Beware: Markets Are Up
Right now, as the brouhaha in Washington recedes, economic indicators improve and some key companies churn out better-than-expected earnings, stocks are near record highs. But don’t make the mistake of buying at the top.
The Dow Jones Industrial Average closed Friday at 14,009.79, near the Oct. 9, 2007 market peak of 14,164.53. This means the Dow is now within 154.74 points of that record high. That is cause for celebration, right? Is it time to take on more risk?
Not to be a killjoy, but if you are using all-time market highs as a signal to get more aggressive or to buy more stocks, you might have missed the party already.
This is not to say stop investing. I’m simply saying that, when prices are higher, your money buys less than when prices are lower. Investors behavior tracks what I call the Cycle of Market Emotions: When emotions are the most jubilant, the markets are at most risk of taking back what they have given.
As legendary investor Warren Buffett so famously wrote in a New York Times op-ed piece in October 2008, at the worst of the financial crisis: “Be fearful when others are greedy, and be greedy when others are fearful.” Buying at the top is a surefire way to go broke.
Emotionally and numerically, we are now at the opposite end of the market from when the Dow was at its nadir of 6547.05 on March 9, 2009. Then, we all felt the worst about our net worth and portfolio values. But that was precisely when risk was at its lowest.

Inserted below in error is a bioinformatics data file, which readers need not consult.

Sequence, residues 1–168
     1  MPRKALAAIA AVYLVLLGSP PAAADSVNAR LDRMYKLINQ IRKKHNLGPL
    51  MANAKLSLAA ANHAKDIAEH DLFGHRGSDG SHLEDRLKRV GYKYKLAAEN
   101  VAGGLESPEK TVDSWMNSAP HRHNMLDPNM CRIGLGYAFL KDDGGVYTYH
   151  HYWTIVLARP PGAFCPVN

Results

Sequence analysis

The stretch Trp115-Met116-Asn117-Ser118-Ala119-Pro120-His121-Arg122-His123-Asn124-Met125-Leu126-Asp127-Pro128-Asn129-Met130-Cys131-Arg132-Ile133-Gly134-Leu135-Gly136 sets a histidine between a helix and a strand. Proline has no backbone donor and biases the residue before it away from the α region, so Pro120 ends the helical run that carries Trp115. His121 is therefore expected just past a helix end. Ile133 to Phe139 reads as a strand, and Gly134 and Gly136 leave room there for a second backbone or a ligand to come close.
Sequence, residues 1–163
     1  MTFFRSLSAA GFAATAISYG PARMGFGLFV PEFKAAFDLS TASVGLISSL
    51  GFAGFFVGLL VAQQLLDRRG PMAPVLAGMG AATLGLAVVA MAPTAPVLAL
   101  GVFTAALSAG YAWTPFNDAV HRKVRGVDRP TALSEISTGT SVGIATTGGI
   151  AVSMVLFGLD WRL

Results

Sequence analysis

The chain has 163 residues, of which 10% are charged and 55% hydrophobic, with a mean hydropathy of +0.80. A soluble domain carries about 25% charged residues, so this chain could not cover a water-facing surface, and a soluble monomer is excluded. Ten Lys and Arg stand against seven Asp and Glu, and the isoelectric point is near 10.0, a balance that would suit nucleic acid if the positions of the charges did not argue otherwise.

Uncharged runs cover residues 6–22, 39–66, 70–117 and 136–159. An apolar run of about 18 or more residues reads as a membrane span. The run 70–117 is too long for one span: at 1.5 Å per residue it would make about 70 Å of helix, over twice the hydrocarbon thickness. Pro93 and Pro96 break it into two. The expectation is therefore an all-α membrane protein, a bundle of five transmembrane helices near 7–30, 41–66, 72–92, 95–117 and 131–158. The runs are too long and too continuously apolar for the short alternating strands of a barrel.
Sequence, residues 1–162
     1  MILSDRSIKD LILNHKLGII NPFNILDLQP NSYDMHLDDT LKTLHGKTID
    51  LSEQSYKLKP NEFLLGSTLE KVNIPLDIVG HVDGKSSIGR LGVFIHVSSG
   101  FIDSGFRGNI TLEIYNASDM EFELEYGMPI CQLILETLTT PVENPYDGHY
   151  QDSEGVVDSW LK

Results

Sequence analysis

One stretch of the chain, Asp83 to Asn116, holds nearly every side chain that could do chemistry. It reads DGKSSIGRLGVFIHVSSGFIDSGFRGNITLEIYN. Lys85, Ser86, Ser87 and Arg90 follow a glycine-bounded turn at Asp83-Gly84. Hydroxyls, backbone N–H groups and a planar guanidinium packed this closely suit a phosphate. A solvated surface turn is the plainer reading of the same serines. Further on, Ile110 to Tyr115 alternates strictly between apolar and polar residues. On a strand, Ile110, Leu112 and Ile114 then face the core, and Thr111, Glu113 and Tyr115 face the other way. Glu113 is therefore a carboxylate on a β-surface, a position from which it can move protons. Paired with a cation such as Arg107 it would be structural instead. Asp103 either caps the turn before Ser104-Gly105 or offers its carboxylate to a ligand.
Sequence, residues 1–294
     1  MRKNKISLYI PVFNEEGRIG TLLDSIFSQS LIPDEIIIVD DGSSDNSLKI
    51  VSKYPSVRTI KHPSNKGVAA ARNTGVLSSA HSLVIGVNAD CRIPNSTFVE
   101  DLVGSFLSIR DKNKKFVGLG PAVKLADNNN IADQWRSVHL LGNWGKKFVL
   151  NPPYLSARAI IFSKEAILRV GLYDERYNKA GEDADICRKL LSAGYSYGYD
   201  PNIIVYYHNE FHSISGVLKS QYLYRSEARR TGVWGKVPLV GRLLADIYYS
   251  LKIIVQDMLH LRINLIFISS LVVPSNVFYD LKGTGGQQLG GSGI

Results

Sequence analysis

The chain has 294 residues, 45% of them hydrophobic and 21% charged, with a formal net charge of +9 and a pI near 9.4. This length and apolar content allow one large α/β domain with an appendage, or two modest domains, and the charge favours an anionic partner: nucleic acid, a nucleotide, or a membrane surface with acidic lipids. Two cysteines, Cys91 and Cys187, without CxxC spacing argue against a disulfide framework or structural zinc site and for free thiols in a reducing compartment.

Of course, we didn’t know this until we had the luxury of hindsight. That was the time to buy. In late 2008, Buffett loaded up on stocks while the whole financial system fell apart.
Of course, the bullish spirit might still prevail. According to the Stock Trader’s Almanac, January is a good predictor for the rest of the year. A good start like January’s 5.8% rally in the Dow usually portends a good year for stocks.
To be sure, this predictor always works except when it doesn’t, like in 2001, when the dot-com bust dragged on the market. Still, there are investors that might call a top and sell stocks or exercise options to lock in gains.
The moral of the story is that our emotions are often at polar opposites of what the true risk is when it comes to markets. It’s far from easy to tell yourself to buy stocks at the bottom when the headlines are all scary – and also to hold off when things are looking sunny. Feeling this way is perfectly natural.
It helps to have a financial advisor in your corner to tell you to be fearful and greedy at the right times.
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Larry R Frank Sr., CFP, is a Registered Investment Adviser (California) in Roseville, Calif. He is the author of the book, Wealth Odyssey. He has an MBA with a finance concentration and B.S. cum laude in physics with which he views the world of money dynamically. He has peer-reviewed research published in the Journal of Financial Planning. www.blog.BetterFinancialEducation.com.
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